Have we not stumbled almost accidentally on a rather worrying grey area, in that until now most members of the public will have assumed that medicines which are effectively banned by the Committee on Safety of Medicines are not permitted, in any circumstances, to remain in circulation? Will my right hon. and learned Friend take this opportunity to clarify what powers the committee possesses and, in the process, help those members of the public who may be worried to get the matter into perspective?

Mr. Clarke

I agree with my hon. Friend that all of us assume that once a product is withdrawn, and especially when its licence is suspended, it vanishes from the market and is no longer prescribed or dispensed by anyone. As I said, in some cases that can be an error, because there are rare exceptions to the rule. Nevertheless, I and those who advise me were surprised by the extent of the evidence produced by the Daily Mail showing that these drugs are being dispensed to a number of patients. We shall examine the matter and will go to the Medicines Commission, which is the best qualified body in this area of the law, to give us urgent advice.

Mr. D. N. Campbell-Savours (Workington)

Now that it has been proved that Professor Turner, the chairman of the Government's toxicology sub-committee which approved aspartame and its use, had a commercial interest in Searles of the United States, the manufacturer, through the Synthelabo Foundation—an organisation that funds its own research—does that not place a major question mark over the use of aspartame? Should not the decision that was taken last October be reviewed, and can that product be withdrawn from the market pending further investigation by the Government?

Mr. Clarke

This is not the occasion on which to examine the evidence for and against the safety of aspartame. There are clear rules about the declaration of interests by those involved in advising us. In the first place, the Government must go to leading experts in any area to get the best possible advice for the public on the safety of drugs. Inevitably, a number of those whom we approach are involved with manufacturers and pharmaceutical companies. However, the rules are clear: they declare their interests and keep out of decisions on matters where they have a direct interest. We ensure that we take the best objective advice on the products involved.

Sir Dudley Smith (Warwick and Leamington)

The hon. Member for Oldham, West (Mr. Meacher) gave a figure, but can my right hon. and learned Friend say definitely how many deaths due to adverse reactions to the drugs have been reported to his Department?

Mr. Clarke

I regret to say that, off the cuff, I cannot give the total number of deaths due to adverse reactions to the four drugs. I have a feeling that the figure given by the hon. Member for Oldham, West was more or less correct.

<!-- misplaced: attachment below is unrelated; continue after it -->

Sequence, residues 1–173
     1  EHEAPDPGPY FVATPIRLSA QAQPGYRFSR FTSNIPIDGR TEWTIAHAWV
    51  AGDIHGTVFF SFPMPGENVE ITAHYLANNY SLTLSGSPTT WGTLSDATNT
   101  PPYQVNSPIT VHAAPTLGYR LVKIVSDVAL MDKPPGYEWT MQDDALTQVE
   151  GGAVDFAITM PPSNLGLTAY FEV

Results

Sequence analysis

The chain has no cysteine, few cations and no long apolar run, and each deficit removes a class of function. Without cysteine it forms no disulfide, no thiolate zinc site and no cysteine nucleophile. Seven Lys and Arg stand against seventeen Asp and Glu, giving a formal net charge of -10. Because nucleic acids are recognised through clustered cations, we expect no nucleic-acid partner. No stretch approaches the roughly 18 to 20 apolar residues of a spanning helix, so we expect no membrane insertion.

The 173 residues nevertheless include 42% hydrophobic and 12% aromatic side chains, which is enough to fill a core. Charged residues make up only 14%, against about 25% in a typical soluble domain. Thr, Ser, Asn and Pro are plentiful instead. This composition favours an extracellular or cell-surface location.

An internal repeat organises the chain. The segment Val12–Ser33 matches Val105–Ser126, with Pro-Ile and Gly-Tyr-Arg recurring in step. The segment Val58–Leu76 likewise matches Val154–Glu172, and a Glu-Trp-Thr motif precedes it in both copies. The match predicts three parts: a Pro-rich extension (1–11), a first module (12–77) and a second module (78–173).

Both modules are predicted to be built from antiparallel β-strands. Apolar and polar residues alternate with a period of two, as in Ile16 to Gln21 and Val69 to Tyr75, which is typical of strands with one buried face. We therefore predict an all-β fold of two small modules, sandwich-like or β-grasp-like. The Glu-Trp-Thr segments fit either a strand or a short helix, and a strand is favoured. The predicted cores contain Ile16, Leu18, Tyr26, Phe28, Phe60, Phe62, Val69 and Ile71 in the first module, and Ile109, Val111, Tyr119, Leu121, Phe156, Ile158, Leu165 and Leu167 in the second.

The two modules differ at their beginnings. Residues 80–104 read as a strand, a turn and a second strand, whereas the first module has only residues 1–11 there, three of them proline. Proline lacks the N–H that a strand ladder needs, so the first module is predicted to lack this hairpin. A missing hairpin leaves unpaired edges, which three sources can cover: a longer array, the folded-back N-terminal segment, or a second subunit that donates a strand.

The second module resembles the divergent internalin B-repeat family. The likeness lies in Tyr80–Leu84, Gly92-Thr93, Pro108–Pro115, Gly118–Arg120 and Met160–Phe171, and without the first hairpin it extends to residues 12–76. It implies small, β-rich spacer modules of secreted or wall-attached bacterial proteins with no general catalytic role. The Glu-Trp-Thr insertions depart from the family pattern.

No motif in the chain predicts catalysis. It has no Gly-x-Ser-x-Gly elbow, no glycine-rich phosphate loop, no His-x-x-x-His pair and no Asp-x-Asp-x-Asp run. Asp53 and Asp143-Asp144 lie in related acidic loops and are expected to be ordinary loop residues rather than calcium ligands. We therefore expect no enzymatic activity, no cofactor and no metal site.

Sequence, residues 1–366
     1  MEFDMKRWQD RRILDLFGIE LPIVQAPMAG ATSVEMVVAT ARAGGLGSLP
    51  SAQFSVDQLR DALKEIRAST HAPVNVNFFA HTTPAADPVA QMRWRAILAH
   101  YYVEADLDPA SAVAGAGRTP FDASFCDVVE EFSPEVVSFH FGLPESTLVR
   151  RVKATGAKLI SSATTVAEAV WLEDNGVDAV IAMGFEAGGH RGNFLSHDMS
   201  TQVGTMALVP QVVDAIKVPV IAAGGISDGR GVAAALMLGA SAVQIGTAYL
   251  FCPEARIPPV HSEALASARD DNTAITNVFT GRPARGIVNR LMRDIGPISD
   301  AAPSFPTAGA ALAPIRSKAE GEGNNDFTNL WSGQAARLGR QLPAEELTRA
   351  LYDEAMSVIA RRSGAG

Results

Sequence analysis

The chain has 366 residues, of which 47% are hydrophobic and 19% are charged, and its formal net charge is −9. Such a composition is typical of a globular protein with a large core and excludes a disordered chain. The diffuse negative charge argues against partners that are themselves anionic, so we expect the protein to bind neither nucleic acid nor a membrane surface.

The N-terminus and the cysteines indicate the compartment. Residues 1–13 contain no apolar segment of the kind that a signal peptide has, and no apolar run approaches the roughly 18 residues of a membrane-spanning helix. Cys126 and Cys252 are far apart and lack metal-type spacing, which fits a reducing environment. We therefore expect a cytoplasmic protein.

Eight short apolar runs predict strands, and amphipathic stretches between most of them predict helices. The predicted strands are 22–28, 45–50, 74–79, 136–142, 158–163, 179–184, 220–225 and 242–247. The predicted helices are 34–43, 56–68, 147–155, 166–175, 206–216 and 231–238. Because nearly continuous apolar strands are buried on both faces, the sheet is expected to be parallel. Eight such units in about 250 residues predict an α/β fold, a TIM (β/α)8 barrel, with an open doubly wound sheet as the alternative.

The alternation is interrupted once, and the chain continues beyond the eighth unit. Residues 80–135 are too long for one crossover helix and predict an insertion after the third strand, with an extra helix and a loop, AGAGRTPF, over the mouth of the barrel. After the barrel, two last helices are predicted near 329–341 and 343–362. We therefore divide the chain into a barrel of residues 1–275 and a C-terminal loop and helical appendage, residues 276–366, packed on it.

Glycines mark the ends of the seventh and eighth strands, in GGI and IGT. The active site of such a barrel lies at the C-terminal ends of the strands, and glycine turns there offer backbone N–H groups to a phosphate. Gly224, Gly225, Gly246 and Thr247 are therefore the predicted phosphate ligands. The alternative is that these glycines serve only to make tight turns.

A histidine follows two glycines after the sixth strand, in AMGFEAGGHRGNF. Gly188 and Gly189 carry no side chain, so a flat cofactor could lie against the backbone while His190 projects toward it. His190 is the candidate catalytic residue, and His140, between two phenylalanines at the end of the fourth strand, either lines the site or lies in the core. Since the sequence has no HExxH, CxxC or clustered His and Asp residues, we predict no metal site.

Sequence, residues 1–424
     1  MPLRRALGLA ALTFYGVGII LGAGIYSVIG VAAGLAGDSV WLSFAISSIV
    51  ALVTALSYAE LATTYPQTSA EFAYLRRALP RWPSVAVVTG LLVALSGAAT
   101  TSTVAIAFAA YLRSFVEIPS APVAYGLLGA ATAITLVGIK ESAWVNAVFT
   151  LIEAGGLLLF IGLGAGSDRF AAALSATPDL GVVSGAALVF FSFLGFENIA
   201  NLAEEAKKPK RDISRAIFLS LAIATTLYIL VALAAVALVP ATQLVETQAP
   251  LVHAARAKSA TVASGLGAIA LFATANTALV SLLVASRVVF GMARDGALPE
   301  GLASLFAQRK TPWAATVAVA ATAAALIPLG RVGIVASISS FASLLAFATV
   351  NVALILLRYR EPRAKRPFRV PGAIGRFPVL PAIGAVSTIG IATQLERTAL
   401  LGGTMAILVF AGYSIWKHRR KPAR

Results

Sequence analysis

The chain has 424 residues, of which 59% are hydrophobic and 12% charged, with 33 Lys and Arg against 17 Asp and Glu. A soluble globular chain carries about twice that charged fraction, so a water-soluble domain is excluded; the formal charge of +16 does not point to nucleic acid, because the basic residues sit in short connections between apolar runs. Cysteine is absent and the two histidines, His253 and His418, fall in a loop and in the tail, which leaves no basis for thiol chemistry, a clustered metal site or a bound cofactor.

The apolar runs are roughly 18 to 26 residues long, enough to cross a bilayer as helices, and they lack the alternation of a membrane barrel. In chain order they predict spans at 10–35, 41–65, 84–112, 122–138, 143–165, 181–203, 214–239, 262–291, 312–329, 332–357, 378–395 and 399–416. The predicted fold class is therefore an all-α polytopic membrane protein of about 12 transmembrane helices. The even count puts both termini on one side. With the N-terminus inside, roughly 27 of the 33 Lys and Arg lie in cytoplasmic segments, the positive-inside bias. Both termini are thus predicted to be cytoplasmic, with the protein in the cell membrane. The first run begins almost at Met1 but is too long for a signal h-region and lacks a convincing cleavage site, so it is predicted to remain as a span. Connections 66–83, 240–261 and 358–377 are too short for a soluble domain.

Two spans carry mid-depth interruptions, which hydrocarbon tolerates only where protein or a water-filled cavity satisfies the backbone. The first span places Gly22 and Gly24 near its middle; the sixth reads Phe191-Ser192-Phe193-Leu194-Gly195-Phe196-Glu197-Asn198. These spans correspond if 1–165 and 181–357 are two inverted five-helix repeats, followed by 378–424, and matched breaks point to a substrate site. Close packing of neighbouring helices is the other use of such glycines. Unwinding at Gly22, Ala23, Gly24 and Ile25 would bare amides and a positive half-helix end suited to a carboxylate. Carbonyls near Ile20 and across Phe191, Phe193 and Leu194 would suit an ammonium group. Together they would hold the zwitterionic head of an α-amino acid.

Mr. David Crouch (Canterbury)

The House will appreciate the concern that my right hon. and learned Friend has shown and the care with which he has answered questions on this worrying matter. Where a drug has had its licence withdrawn on the advice of the Committee on Safety of Medicines, is it not unlikely that a pharmacy in a hospital would issue such a drug to any consultant or doctor in that hospital seeking to prescribe that drug? Does that not show that in hospitals at least there is tight control once a drug has had its licence withdrawn, and is that not different from the looser application of the regulations that appears to operate in general practice?

Mr. Clarke

We are all anxious that dispensing should be tightly controlled both in the hospital service and in general practice. I agree with my hon. Friend that when we acted as promptly as we did to suspend the product licence for Flosint, our expectation was that supplies would rapidly go back to the manufacturers and no more patients would receive it, and that if any patient received Flosint again it would only when a doctor had made a considered judgment about an individual patient whom he found reacted to that and nothing else and who suffered serious symptoms which would not otherwise be alleviated. I accept that, on the face of it, the Daily Mail report shows a rather looser approach than that being adopted by a few pharmacists. We shall look into that to see whether the law needs tightening.


Mr. Campbell-Savours

On a point of order, Mr. Speaker. In reply to my question about an interest of the chairman of the DHSS toxicology sub-committee, the Minister for Health replied that sometimes there are medical links between research foundations and individual members working—

Mr. Speaker

Order. I am not certain that this is a matter on which I can rule. I hope that the House will understand that we are getting rather too many points of order concerning unsatisfactory answers. If we allow that sort of thing to happen we shall not get very far with our business.

Mr. Campbell-Savours

To abbreviate the point, Mr. Speaker, may I lay it on the record that the Government, in a reply to me—

Mr. Speaker

Order. That is just what I feared. It is not a matter for me.

Mr. Campbell-Savours


Mr. Speaker

Order. I think that the hon. Gentleman has shot his bolt for today.